For the first time in almost four decades, a new bird species has been discovered in the United States. But there’s a catch: the Bryan’s shearwater was identified in a museum collection. Though others have been reported, the first living bird-in-hand example awaits finding. On February 7, 2012, the DNA tests on 6 specimens found in Ogasawara alive and dead between 1997 and 2011 determined that they were Bryan’s Shearwater. It is assumed that Bryan’s Shearwater still survives in the uninhabited islands.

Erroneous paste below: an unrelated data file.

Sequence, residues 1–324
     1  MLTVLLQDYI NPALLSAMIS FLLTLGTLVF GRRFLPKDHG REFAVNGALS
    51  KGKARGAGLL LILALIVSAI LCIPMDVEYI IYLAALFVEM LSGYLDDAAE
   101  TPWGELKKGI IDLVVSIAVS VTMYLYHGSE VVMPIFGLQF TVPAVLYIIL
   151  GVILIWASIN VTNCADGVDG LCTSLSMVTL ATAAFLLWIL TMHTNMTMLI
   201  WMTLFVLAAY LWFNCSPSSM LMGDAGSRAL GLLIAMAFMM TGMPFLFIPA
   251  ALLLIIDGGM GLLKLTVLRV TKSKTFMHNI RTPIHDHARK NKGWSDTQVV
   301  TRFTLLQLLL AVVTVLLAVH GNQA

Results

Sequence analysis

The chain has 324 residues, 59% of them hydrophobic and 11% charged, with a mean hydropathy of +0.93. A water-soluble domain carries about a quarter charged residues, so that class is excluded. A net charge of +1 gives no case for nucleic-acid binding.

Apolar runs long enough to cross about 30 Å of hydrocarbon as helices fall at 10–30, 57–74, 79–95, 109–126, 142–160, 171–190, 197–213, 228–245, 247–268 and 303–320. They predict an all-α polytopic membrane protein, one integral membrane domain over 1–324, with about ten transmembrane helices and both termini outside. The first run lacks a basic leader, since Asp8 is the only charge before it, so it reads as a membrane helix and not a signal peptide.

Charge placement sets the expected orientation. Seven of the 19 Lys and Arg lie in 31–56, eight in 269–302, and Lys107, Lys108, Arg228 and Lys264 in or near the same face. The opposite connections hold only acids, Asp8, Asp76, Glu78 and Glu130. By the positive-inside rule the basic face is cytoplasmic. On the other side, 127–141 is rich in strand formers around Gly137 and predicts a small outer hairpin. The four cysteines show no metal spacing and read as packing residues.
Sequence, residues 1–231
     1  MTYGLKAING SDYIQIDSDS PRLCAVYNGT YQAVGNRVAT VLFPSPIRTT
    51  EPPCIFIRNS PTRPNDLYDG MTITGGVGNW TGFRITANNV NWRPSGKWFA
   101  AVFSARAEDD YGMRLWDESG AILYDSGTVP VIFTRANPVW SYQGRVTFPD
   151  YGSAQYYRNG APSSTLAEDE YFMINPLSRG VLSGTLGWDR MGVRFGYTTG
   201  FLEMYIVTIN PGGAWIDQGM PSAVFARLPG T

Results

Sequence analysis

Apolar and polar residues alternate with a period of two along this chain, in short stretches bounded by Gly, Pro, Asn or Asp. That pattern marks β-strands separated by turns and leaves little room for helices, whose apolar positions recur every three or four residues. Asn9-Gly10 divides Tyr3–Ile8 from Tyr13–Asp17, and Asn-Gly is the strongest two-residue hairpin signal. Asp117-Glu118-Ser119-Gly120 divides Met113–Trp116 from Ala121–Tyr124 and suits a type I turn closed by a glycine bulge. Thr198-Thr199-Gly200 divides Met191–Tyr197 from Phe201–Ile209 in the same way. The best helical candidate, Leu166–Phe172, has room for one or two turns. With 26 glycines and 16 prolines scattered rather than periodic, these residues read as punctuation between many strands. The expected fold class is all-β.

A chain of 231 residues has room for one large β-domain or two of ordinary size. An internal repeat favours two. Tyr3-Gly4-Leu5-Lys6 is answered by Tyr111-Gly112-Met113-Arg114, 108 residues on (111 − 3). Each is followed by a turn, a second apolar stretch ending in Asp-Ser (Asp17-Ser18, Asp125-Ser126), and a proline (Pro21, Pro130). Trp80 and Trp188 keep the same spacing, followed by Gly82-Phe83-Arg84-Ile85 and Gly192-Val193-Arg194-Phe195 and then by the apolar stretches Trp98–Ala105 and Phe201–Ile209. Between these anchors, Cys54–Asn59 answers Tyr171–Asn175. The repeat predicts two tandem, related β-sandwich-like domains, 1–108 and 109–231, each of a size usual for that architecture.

[abstract article]. Small black-and-white shearwaters of the genus Puffinus are distributed globally, and their phylogenetic relationships are complex and uncertain. In 1963 a small shearwater collected at Midway Atoll in the North Pacific Ocean was identified as a Little Shearwater (P. assimilis), but several physical features suggest closer alliance with Audubon’s Shearwater (P. lherminieri) and its relatives. Biometrics indicate that the taxon this specimen represents is smaller than any other known Shearwater, and phylogenetic analyses indicate it is distinct, with a pair-wise sequence divergence of at least 3.8% from related taxa. We thus propose a new species based on the specimen: Bryan’s Shearwater (Puffinus bryani nom. nov.). The breeding and nonbreeding ranges of Bryan’s Shearwater are unknown, but a physical resemblance to the North Atlantic boydi (of controversial taxonomic status within Puffinus) suggests an affiliation with subtropical or tropical waters. Bryan’s Shearwater is apparently rare and could be threatened by extinction; therefore, additional information is needed to increase our understanding of this taxon and its conservation requirements.
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